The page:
Bearwallow Mountain, Gerton, NC

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#1)  Bearwallow Mountain, Gerton, NC

Postby bbeduhn » Tue Jul 11, 2017 10:05 am

Bearwallow Mountain is a biologically diverse mountain located between Asheville and Chimney Rock/Lake Lure, NC, not too far from Hendersonville. The upper reaches are still used as grazing for cows and is privately owned. An easement allows for a trail.The very top is open and has cow chips aplenty. The mountain tops out at about 4200'. The trailheads are at about 3500'.

It doesn't take long to notice that the forest is a bit unusual. I was immediately greeted by a couple of nice Biltmore ash. Mockernut hickories dominated for a while but were soon joined by black birch, white oak, Catawba rhododendron, flame azalea, and inexplicably, southern shagbark hickory. This tree is not native to the mountains and rarely grows above 1000'. It appears at about 3700' and dominates at 4100'+, where the forest gives way to pasture. I don't see how these could have been planted specimens. There are hundreds and perhaps thousands. I haven't been able to conclusively prove that these are southern (carya septenrionolis) vs. northern (carya ovata) but the bark clearly appears to be southern. The fruits are not yet developed enough to make a determination. If these are indeed the southern variety, this would be quite an anomoly!

There is a road which heads back toward the trailhead, used by the farmer and for the companies which lease the top for communications towers. This passes through some rich forest with basswood. Tree heights are small throughout the upper part of Bearwallow, so there are no height measurements. Tulip is almost completely absent from the upper mountain. Just a few were visible as the I approached the trailhead.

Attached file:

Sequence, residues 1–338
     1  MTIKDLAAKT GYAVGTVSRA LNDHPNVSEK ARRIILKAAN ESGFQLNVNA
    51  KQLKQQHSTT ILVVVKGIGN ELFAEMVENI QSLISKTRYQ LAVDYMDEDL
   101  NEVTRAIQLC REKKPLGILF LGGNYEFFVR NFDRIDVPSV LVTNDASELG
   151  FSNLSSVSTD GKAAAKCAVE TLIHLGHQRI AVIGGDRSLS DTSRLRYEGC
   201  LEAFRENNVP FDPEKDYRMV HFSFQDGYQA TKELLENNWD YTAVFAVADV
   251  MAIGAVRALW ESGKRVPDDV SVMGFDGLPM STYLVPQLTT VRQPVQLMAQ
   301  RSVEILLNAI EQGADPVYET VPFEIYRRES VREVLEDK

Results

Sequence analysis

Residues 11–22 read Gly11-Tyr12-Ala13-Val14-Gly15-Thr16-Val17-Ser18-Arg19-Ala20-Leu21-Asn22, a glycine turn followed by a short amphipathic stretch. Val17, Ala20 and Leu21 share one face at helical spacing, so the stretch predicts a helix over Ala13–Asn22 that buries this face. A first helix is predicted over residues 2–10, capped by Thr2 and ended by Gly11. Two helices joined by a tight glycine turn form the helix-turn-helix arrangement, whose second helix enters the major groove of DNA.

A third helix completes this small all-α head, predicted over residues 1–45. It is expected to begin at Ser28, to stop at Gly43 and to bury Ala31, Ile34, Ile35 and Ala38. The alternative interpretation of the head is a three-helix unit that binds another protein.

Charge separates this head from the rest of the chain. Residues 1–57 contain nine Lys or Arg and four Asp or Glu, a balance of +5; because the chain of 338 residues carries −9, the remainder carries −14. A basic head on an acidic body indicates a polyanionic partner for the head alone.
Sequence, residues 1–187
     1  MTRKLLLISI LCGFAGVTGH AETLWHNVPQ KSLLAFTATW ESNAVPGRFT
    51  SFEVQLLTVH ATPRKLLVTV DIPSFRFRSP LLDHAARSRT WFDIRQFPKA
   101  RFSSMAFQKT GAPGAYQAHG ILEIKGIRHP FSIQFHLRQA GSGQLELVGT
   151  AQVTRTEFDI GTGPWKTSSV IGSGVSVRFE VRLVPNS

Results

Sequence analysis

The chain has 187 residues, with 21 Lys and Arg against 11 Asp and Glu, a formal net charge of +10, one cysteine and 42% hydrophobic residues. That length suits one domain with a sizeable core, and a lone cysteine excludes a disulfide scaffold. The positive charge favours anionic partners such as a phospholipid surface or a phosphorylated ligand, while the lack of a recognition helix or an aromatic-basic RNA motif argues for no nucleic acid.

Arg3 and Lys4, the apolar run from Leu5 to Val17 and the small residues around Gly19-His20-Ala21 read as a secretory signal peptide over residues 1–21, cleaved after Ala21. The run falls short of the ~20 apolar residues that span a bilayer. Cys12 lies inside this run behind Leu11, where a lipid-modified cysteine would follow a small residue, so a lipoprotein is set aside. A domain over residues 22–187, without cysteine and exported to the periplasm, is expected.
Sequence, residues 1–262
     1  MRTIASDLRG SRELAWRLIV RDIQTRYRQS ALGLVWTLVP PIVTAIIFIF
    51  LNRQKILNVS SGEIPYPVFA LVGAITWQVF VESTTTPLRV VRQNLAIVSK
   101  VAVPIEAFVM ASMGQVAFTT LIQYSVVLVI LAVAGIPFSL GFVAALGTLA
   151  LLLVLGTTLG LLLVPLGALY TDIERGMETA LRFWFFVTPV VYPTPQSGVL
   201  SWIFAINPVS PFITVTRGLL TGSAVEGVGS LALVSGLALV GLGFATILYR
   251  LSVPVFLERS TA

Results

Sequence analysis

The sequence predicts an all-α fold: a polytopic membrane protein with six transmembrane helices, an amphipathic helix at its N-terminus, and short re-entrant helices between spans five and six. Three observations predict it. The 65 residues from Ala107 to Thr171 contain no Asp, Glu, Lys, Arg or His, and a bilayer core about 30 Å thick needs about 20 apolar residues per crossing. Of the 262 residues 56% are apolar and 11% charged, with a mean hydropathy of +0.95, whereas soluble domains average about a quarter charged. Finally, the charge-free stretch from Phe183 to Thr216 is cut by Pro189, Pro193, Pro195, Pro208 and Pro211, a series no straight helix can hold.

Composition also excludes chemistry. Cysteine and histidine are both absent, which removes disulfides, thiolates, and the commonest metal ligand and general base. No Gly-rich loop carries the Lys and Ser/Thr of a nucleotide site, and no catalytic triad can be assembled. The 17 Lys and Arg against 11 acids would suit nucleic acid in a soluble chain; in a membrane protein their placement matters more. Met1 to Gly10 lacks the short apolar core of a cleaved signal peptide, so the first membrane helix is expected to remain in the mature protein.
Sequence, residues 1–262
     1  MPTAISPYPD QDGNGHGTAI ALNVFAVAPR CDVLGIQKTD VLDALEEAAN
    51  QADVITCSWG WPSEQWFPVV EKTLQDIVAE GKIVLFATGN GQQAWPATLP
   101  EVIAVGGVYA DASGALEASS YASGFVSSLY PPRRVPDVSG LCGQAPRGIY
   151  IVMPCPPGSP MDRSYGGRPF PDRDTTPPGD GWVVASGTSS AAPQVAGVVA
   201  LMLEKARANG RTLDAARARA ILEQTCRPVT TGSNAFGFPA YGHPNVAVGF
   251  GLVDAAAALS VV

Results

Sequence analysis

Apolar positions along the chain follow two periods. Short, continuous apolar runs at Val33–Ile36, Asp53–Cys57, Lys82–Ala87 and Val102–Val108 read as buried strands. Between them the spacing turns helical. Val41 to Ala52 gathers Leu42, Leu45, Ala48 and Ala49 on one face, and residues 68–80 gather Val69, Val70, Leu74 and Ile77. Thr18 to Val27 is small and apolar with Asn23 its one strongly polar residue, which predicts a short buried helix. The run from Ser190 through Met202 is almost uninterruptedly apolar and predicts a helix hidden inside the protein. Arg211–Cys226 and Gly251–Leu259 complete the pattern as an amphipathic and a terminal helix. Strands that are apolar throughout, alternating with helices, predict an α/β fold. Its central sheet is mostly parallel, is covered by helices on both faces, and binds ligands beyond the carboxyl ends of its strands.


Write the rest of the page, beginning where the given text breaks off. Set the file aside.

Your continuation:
The Trombatore Trail heads down from the trailhead. A 9'3" black birch sits along the trail. Birch is the dominant tree in this northern hardwood forest. Biltmore ash and basswood are the next most common species in this section. Hickories are present, with red on the western flank and bitternut on the eastern flank. There is a confusing hickory as well, which I could not determine. A little further, tulip pops up and there are two tulips with some age, likely approaching 150 years. Down a bit lower, a relic tulip, the most gnarled and balded I've ever seen, resides. I would not be surprised if this is upwards of 450 years. It's ~ 4' d and not very tall. Many of these trees look like old growth. They seem to be slow growing despite fairly rich soils. There is a recent cut just beyond the old tulip. I didn't get much further but there is promise of some height in the next half mile or so. I didn't want to trample the herb layer so any cbh measurements will wait until winter.

               
                       
antennae.jpg
                       
communications towers
               
               
               
                       
b ash.jpg
                       
Biltmore ash
               
               
               
                       
basswood.jpg
                       
basswood
               
               
               
                       
blk birch 9 3.jpg